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Smartphone-Mediated Tourist Experiences: Understanding the Influence of Augmented Reality (AR) Applications in Tourism
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The synergy of smartphone, mobile applications (apps) and Augmented Reality (AR) technology has the potential to mediate tourism experiences to great extents. The advent of AR apps on smartphones provides a dynamic solution for tourists by helping convey destinations’ meanings and creates positive experiences via interactive tourist information and services almost anywhere, anytime. As a result, tourists are increasingly using AR travel apps at destinations to create more memorable travel experiences. Despite vast literature on tourists’ experiences, there is limited research focusing on understanding the use of smartphones and AR apps for tourism. A critical review of the literature indicates that there is a need to develop a richer theoretical framework that describes the use of smartphones and AR apps for travel. In addition, there is a need to understand tourists’ experiences with smartphone-mediated technology. In particular, literature on understanding of the use of smartphones and apps for travel is largely established from a quantitative perspective, and it is argued that this perspective cannot provide an in-depth understanding of the mechanisms that affect the use of smartphones and travel apps, which in turn shapes the travel experience. The present qualitative study was designed to understand the current use and possible benefits of smartphone-mediated tourism experiences with AR apps. Specifically, the purpose of this study was to examine the influence of AR apps on tourists’ experiences. The study sought to understand how tourists used AR apps, which specific interactions with the mobile devices were afforded, what emotions were evoked through interaction with the AR technology, and how the technology mediated tourist’s experiences. Based on this notion, the study attempted to generate an inductive middle-range theory on smartphone-mediated tourism experiences using grounded theory method. An iPhone AR app was developed for the Texas A&M University campus to better understand how tourists used the AR app and how this use influenced their travel experiences. Forty-four participants inclusive of students, prospective students and visitors of Texas A&M University were recruited for the study. To aid theory building and enhance the solidity of the smartphone-mediated travel experience theory, the study included a control group, which involve individual, group and guided tours that only use a brochure/campus booklet or listen to a human tour guide. The AR app was tested on 10 individuals and 10 groups. For the control group, 6 individuals and 6 groups used brochure/campus booklet while touring the sites and 6 individuals and 6 groups listen to the tour-guide. This comparison provided detailed understanding of what happens in the absence of technology in travel experience, and a focus on apprehending what AR technology adds. Data were collected through face-to-face in-depth interviews with the participants and then transcribed and imported into ATLAS.TI 7.0 software for analysis. A grounded theory approach was used to analyze the data. The interview data were coded and presented in five major sections representing the research questions. The results of the study provided theoretical contributions in understanding the smartphone-mediated tourism experiences and offered practical implications for app design and interpretative services for tourist sites.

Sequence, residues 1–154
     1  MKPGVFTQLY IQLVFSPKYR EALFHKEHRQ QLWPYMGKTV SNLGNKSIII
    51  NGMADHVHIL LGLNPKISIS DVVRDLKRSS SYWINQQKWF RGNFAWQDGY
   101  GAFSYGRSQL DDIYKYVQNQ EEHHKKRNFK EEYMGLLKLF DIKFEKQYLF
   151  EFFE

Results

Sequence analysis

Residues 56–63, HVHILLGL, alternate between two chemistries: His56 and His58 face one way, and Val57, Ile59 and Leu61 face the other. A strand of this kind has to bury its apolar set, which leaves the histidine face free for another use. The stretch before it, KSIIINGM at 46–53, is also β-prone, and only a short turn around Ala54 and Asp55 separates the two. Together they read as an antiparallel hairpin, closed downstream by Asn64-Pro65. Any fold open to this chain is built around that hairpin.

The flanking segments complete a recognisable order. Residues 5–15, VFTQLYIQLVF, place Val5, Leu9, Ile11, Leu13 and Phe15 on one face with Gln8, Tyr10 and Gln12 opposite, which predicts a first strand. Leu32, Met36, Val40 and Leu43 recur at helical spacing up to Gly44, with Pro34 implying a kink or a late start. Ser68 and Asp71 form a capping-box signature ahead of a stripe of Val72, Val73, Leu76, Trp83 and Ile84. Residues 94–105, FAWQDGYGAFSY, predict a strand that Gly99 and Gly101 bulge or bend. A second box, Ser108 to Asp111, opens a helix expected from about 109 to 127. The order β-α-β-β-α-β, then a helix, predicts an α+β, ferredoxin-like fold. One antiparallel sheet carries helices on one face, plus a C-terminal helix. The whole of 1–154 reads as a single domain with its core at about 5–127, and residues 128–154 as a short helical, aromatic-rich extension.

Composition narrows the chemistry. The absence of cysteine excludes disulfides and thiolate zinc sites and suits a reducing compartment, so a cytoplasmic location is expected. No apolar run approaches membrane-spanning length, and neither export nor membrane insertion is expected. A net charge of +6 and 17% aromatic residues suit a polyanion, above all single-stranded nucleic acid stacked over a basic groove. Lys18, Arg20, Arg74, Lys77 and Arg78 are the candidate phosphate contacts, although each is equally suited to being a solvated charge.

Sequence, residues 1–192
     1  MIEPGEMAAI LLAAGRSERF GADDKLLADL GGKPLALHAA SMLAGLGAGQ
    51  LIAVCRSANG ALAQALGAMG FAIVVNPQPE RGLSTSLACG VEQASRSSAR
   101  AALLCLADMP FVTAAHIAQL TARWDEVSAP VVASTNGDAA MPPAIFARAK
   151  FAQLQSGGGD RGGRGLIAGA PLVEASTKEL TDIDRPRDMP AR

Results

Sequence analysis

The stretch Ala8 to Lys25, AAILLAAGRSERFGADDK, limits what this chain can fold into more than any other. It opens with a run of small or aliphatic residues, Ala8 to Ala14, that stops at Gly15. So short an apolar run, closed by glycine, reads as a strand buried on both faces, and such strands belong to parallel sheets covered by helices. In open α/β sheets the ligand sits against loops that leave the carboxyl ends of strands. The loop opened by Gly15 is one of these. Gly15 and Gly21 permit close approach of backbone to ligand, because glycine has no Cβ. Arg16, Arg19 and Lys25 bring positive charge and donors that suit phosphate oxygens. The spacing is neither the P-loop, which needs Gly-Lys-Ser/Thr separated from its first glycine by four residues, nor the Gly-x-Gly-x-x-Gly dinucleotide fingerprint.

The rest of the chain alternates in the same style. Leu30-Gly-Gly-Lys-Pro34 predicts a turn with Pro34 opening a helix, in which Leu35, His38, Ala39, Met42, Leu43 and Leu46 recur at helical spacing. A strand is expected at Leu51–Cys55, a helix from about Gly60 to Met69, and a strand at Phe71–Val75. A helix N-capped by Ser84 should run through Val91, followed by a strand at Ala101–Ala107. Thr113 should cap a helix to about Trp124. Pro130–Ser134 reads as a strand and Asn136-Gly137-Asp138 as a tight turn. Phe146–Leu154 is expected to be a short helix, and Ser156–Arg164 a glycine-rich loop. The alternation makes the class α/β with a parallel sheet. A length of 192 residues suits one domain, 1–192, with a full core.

Anuar, Faiz Izwan (2013). Smartphone-Mediated Tourist Experiences: Understanding the Influence of Augmented Reality (AR) Applications in Tourism. Doctoral dissertation, Texas A&M University. Available electronically from